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Celebrating 10 Years Of ‘Borat,’ And The Driving Instructor Who Embodied The Best Of Us

Borat: Cultural Learnings Of America For Make Benefit Glorious Nation Of Kazakhstan came out 10 years ago this month, and it doesn’t seem like it’s been nearly that long. Sure, people parroting Borat quotes (“Mah wahfe!”) has gone from ubiquitous to obnoxious to ironically funny in a remember-how-obnoxious-it-was-when-people-were-quoting-this-all-the-time kind of way. But all that proves is that Borat has never been far from our collective consciousness. And I’m glad that it was released a year or two before it could’ve become some thinkpieced-to-death cultural battleground that we’d be tired of fighting about on Twitter before it even came out, because there’s legitimate greatness in this movie.

Borat began as a character on the British version of Da Ali G show, a few years before creator Sacha Baron Cohen brought him to the U.S. for HBO. Which makes it something of a happy accident that he ended up touring America. Because just as Donald Trump is the perfect avatar for the “ugly American,” all the worst stereotypes other countries have about Americans made flesh — a gauche, loud, ignorant, money- and status-obsessed teetotaler always shouting about having the “classiest” of everything despite having no discernible taste, in food, clothes, architecture, books, music, business or people — I can’t think of a more perfect character than Borat for getting at what makes Americans uniquely us, for better and for worse.

It’s a bit that plays on the fact that Americans are, by and large, both shockingly insulated from the rest of the world and almost inhumanly accommodating. That we can be easily convinced something is a custom in some random ‘stan we never learned about in our underfunded public school and yet will bend over backwards to accommodate it, no matter how ridiculous (simultaneously bighearted and patronizing), is a fascinating phenomenon. Truly, I never get tired of it.

The dramatic tension of Borat comes from the way he puts viewers in a “What would you do?” mindset, where we’re both laughing and doing a bit of soul searching, wondering how we might look if this grinning, stinking (rumor is Cohen never washed the Borat suit nor wore deodorant and smelled terrible) human monkey wrench put us in the spotlight.

To be sure, some of the more prank-y elements of the Larry Charles-directed film feel a little dated now, or at least a little less fresh, the novelty chiseled away by a decade of uncreative and mean-spirited YouTube pranksters. The Pamela Anderson kidnapping is kind of cringe-y, both because it feels (and partly was) staged, not to mention dangerous. (If it had been any less staged Cohen probably would’ve gotten shot.) And there are certain scenes that feel to me too mean, like during the dinner party when Borat insults the pastor’s wife (“In my country they would go crazy for you… You, not so much”), or when he starts breaking things in the antique shop. (Breaking antiques? Come on, man, not cool.)

It’s no surprise that a guy who spent years training to be a clown (give Cohen’s episode of WTF a listen) would occasionally go too broad. (I still hate the Speedo-thong scene.) But you forgive him the occasional stumble, because Cohen seems to have ice water in his veins. It’s like he’s always just sitting on the perfect response to a reaction absolutely no one could’ve expected, the Lebron James of riffing.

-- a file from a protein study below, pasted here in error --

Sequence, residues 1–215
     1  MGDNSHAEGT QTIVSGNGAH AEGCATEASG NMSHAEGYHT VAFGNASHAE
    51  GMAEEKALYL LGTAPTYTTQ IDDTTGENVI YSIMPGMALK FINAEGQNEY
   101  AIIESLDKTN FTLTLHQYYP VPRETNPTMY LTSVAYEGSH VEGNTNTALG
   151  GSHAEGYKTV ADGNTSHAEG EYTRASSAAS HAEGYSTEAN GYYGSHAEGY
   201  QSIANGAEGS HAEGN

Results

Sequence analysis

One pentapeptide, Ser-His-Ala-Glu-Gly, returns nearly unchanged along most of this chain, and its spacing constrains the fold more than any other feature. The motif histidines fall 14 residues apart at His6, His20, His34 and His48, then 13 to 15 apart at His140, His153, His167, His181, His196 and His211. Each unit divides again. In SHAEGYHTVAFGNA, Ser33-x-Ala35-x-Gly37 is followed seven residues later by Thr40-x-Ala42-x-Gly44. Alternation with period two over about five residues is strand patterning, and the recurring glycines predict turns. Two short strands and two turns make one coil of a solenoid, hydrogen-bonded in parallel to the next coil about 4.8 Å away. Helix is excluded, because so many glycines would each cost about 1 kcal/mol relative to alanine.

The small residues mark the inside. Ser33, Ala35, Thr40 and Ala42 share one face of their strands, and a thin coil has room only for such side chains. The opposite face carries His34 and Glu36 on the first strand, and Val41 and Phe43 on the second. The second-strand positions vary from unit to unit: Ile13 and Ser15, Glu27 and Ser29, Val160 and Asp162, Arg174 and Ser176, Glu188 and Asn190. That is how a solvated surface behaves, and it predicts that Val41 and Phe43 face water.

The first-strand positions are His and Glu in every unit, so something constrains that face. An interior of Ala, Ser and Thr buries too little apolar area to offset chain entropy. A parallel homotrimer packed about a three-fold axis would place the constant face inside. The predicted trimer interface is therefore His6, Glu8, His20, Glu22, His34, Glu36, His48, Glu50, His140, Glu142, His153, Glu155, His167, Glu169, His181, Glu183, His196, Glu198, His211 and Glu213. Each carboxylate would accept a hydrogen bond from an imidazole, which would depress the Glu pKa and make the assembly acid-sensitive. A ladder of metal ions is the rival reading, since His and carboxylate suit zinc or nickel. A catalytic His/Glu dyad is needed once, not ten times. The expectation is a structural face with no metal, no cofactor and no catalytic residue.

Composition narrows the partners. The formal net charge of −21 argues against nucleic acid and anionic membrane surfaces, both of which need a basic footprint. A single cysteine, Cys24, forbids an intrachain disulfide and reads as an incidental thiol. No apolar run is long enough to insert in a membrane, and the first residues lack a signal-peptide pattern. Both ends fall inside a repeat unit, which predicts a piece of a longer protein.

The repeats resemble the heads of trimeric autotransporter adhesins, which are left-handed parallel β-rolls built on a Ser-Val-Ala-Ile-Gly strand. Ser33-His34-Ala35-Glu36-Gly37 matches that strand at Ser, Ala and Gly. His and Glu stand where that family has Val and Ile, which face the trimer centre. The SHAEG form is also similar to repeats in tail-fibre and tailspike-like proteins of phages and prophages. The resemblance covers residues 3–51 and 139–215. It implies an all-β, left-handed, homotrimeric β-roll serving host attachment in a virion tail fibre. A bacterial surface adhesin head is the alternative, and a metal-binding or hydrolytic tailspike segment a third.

The cross-country road trip conceit is transparently a conceit, but it’s the perfect one, because Borat was perfect for defining Americana. Everyone who encounters the character becomes our de facto cultural ambassador. Oh, there’s this gauche foreigner from a backward land and he needs my help learning how things work here. Part of the fun of watching it is getting to Monday morning quarterback those newly deputized. Oh God, he’s making us look terrible, or Yep, that’s what I would’ve said. We can pretend we would’ve set Borat straight when he said something horribly anti-semitic, but probably we would’ve just laughed uncomfortably and made a point to tell our friends later (perhaps I’m projecting).

In Felix Biederman’s recent essay on 9/11 cinema, he writes of some of our baser reactions to 9/11 (the PATRIOT Act, racist anti-Muslim sentiment, etc.):

We look at this behavior now as if recovering from a severe hangover. We speak like a guy apologizing for how he got drunk and did something either racist, horny, or both. That wasn’t the real us, we rationalize. The real us was not the still-raging civil war in Iraq, or the ongoing hate crimes against Muslim Americans.

That element runs throughout Borat. We look at certain people reacting to Borat and go “That’s us!”, or “That’s not us,” even though, obviously, they both are. Some of it is cringe comedy that comes from seeing people act out our worst impulses, like Imperial Rodeo general manager Bobby Rowe, the worst person in the movie and hopefully the state, who tells Borat to “shave that dad gum mustache,” so he doesn’t look like so much like a dad gum Muslim (but maybe “a nice eye-talian” instead). He tells Borat “you probably aren’t Muslim, maybe that’s not your religion,” to which Cohen delivers possibly my favorite line of the film, “No, I am a Kazakh, I follow the hawk.”

Later the same guy tells Borat “take ’em out and hang ’em, that’s what we’re trying to get done here,” about homosexuals. Despite the fact that he’s wearing a leather blazer and yellow neckerchief. Seriously, f*ck that guy. That’s not us.